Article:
In light of last week’s False Positive theme, there were a few things that you may or may not have recognized. Namely, the workouts in which people generally scored higher were entirely Subjective workouts and conversely the workouts where people scored lower, these workouts were Objective.
What’s the difference?
Subjective workouts in Syphus Training (and only in Syphus I presume) are workouts that consist of primarily, if not entirely, of tasks that can be performed in a variety of ways based on the individual performing the exercise. This means that interpretation of form can be varied easily from person to person. Range of motion can be limited. Reps can be skipped. Plates can be tilted. All of these will pile up to a higher score if you’re one to cut corners even small ones.
Objective workouts are the opposite. They host tasks that cannot be “cheated”. Think of a plate push or a Big Buck, there’s hardly any way to cut a corner. You HAVE to to get the plate to the end zone and the only way to do so is by performing the task as it was designed.
It is important for you, the avid Syphus Junkie, to know that most of our workouts are a very calculated blend of BOTH subjective and objective tasks. This is the reason why we keep averages (Boulders) and monitor the difficulty (Slope) of a workout. To make workouts completely lopsided with either subjective or objective workouts just skews scores one way or the other based on your ability and (more likely) form.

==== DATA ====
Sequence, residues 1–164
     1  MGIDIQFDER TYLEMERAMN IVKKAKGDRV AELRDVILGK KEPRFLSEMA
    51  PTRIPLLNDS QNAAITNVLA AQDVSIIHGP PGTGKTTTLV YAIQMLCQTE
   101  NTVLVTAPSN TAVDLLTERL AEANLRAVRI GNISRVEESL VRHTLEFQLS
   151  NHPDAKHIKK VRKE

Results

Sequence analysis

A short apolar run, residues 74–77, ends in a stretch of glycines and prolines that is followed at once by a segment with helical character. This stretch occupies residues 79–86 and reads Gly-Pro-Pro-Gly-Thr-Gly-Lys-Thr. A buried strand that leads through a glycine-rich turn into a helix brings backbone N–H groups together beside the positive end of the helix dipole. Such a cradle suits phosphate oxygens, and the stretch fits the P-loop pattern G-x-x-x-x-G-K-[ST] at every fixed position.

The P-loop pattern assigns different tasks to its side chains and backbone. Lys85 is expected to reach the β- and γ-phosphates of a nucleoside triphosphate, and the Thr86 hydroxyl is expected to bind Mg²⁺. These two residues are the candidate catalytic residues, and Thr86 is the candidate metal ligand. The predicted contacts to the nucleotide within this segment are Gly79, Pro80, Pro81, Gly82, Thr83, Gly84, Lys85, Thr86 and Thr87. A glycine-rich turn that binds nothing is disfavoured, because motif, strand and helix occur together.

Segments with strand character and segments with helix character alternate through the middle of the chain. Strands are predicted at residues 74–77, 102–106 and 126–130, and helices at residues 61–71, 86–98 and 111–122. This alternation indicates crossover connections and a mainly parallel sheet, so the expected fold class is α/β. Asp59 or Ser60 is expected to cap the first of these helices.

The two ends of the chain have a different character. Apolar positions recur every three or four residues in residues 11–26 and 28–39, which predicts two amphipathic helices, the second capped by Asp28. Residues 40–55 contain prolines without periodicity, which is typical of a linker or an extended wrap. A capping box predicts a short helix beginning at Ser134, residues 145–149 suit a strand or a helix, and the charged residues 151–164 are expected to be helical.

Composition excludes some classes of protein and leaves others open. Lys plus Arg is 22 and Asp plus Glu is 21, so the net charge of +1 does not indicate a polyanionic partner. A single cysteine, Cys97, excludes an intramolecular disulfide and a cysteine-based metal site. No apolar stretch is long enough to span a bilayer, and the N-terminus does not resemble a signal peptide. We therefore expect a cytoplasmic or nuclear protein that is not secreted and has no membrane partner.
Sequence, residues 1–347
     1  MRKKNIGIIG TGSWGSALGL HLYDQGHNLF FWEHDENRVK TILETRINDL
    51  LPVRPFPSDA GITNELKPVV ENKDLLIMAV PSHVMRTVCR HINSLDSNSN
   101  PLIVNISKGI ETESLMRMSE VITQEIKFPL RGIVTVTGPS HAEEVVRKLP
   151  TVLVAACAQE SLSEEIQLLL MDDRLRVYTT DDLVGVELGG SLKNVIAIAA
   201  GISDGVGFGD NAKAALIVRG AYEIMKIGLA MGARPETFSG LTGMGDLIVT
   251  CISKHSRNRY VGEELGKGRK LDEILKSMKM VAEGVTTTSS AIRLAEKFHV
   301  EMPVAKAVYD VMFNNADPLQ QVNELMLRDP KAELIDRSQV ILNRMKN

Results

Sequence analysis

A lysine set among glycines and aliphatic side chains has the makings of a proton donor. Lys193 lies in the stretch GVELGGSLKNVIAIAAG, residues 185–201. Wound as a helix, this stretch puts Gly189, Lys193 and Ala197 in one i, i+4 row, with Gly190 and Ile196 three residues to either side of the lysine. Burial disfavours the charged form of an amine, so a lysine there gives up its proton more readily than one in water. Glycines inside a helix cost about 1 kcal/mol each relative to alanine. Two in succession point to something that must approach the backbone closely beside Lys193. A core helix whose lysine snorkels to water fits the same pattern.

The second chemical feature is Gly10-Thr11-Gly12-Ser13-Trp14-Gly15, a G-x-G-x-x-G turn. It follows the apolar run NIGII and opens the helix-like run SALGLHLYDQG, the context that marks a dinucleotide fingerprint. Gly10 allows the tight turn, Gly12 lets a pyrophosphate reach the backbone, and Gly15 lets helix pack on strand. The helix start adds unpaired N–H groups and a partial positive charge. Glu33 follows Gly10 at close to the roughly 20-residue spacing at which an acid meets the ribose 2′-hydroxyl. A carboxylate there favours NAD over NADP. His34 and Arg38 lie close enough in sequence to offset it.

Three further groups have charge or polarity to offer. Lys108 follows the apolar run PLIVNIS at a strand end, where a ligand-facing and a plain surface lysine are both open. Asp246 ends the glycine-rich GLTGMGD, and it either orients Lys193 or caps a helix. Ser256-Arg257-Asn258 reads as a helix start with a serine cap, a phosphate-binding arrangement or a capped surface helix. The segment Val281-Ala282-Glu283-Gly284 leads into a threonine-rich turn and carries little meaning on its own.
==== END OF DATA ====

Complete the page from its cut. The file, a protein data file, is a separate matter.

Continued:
And here is the take home message: The better you perform Subjective tasks, the slower you will go. The better you perform Objective tasks the faster you should go. That is, if you’re one to short change your range of motion on Rampant or Squat Thrust (subjective tasks), your Revival (objective task) will be greatly hindered because you will have performed the subjective tasks poorly.
To reiterate; if your form is impeccable on subjective tasks, it is going to slow you down considerably and decrease your score, but this should be a desired trade-off for what it DOES do is allow you to then perform the objective tasks more effectively, and with power.
Truth is, the objective workout helps to sift through the masses to find those who subscribe to the motto Form First. More importantly, objectively based workouts are the ones we rely on heavily for our competition workouts like March Mayhem, Survivor and Turf Wars.
So, while you may be able to inflate your individual score during subjective tasks, remember that it could come back to haunt you during crunch time.
Remember the Sypher: Don’t Cheat Yourself.